With dealers having played catch up for most of 2009 when it comes to stock levels, it is only now, during a slight seasonal downturn, that forecourts are crammed with used cars of every type and price point.
The irony is that dealers have spent long periods of this year bemoaning the lack of stock and despairing of the uplift in prices, which has been happening these last 8-9 months and the fear that these increases would eventually try the patience of the buying public.
Well now those same forecourts are chock full and stock has become, for the moment, easier to source and a lot cheaper than it has been for what seems like a very for a long time. Even though most analysts are sure that this situation is only temporary the pain and fear of what happened this time last year is still all too fresh in the memory. This means that many dealers are becoming over cautious and insisting in moving stock valued 2-3 months ago on very quickly to take advantage of price reductions and a temporary lack of demand.
As we have previously pointed out, among other factors, the record weakness of Stirling against the euro will almost certainly mean major RRP increases on new cars. This is why dealers are seeing an unseasonal uplift in new car registrations as buyers bring their purchasing decisions forward to take advantage of what could be a potentially huge saving by buying this year.
Many sellers, however, will look at last December and January when they saw demand take-off while at the same time stock levels were at their lowest. The buying frenzy, which consequently developed only served to push trade and retail prices much higher. The difference this year is that dealers are holding much higher levels of stock and therefore those vendors, anticipating that dealers will look to pay new year prices, may by holding on to stock and hoping to achieve much more for it in January. In this brave new world of car retailing they could however be playing a very dangerous game.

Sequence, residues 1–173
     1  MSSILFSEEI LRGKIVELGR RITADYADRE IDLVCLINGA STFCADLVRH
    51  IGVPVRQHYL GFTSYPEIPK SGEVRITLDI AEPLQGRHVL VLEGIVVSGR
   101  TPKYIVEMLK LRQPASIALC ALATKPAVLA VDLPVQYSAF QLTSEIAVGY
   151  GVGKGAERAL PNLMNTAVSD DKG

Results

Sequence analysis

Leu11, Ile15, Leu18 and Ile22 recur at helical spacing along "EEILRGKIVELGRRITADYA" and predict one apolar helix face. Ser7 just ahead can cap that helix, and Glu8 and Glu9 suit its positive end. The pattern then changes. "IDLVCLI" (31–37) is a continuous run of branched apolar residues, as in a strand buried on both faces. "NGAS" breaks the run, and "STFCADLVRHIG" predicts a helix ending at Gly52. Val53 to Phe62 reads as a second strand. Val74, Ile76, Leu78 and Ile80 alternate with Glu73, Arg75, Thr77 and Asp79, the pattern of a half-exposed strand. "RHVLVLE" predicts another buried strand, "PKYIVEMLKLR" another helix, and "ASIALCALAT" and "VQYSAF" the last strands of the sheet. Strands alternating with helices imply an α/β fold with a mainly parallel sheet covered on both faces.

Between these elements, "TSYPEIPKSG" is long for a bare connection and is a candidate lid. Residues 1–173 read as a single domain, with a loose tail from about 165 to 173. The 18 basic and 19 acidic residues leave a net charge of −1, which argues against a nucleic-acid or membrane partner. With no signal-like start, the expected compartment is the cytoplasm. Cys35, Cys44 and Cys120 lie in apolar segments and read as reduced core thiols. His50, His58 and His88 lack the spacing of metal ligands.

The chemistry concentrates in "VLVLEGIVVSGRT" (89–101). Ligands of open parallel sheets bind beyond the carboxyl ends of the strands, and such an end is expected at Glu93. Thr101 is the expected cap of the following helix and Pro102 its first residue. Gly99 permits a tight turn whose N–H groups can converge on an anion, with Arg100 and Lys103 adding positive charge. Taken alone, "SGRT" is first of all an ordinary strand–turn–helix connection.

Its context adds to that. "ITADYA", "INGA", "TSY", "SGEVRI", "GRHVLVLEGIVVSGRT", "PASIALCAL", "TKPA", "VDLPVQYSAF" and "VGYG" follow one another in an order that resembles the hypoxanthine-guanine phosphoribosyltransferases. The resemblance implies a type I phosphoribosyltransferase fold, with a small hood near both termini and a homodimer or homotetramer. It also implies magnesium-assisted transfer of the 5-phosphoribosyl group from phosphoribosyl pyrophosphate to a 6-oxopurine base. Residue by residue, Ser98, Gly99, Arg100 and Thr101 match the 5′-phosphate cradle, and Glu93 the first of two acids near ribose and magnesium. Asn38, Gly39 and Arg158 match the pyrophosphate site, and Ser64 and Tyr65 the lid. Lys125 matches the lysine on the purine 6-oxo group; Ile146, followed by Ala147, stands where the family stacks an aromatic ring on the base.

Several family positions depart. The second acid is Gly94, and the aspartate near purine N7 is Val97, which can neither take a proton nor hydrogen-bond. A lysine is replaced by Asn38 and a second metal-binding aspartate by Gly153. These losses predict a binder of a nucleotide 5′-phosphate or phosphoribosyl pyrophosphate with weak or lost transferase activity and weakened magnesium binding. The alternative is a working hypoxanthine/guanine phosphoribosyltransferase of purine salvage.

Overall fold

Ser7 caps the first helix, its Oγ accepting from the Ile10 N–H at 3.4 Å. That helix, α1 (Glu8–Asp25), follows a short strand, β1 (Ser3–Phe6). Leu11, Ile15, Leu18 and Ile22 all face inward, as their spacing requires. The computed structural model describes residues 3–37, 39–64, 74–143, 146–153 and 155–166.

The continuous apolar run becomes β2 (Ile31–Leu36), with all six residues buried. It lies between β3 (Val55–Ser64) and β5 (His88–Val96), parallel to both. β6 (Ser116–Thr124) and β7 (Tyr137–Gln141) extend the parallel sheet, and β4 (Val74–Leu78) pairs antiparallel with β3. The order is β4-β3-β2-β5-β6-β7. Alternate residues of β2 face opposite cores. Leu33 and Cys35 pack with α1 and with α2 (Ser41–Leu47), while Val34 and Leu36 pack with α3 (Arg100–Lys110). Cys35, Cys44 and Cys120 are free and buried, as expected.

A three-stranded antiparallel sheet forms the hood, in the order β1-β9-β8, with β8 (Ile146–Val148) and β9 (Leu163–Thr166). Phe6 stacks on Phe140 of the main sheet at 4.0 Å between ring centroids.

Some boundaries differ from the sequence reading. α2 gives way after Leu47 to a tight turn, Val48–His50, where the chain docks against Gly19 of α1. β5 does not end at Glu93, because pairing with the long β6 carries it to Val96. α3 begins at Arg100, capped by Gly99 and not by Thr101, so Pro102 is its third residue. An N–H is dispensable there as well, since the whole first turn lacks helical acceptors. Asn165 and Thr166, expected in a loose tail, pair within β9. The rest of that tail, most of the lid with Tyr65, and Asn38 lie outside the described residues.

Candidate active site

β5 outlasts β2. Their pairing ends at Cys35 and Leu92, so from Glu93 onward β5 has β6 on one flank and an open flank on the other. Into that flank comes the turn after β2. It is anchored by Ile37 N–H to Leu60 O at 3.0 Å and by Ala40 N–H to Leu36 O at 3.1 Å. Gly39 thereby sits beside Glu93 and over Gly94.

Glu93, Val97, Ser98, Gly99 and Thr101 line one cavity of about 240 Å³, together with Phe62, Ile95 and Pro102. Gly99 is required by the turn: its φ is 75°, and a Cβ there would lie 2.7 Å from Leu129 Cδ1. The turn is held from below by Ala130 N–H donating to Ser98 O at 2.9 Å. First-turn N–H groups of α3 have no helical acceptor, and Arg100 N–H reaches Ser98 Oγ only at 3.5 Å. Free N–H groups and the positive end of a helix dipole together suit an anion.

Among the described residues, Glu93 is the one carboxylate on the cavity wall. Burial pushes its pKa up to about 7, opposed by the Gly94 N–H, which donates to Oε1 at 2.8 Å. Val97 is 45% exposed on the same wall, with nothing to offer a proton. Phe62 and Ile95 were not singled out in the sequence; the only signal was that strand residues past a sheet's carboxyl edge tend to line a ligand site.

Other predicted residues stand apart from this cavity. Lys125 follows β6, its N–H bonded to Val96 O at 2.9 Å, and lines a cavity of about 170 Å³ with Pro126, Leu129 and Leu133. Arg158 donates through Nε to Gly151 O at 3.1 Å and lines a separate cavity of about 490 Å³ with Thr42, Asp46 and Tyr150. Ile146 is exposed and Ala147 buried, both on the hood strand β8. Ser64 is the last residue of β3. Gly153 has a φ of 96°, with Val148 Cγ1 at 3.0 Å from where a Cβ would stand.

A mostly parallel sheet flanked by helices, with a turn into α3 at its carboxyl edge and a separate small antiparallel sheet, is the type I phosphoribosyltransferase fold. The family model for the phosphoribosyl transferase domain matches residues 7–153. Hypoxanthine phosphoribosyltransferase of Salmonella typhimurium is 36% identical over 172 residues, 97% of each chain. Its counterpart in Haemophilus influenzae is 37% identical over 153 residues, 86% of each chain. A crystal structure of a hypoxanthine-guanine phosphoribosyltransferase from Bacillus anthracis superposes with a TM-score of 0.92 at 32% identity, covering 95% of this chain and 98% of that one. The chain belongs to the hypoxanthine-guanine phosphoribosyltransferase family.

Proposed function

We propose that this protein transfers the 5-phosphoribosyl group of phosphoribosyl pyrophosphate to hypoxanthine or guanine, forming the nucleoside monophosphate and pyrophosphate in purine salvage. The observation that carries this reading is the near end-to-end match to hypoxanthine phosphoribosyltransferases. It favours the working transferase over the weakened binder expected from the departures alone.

A buyer from a large dealer group recently told me that after he had negotiated a large discount on a big basket of cars from a small vendor, the guy dealing with the disposal exclaimed that the price he had been offered was “insulting” and that these cars would be worth much more in January when prices will indeed rise once more.
In response my contact exclaimed ‘but we aren’t in January now we are in November and that is what they are worth today, if you want to hold them until January and sell them to me at January prices be my guest but today, right now that is what they are worth’
Of course the deal was subsequently concluded and my man was obviously very pleased with himself having, for the first time this year, managed to secure a deal on some cars which would make a real difference in the market,
Let’s just hope those savings can be passed on to the buyer and he doesn’t get greedy.
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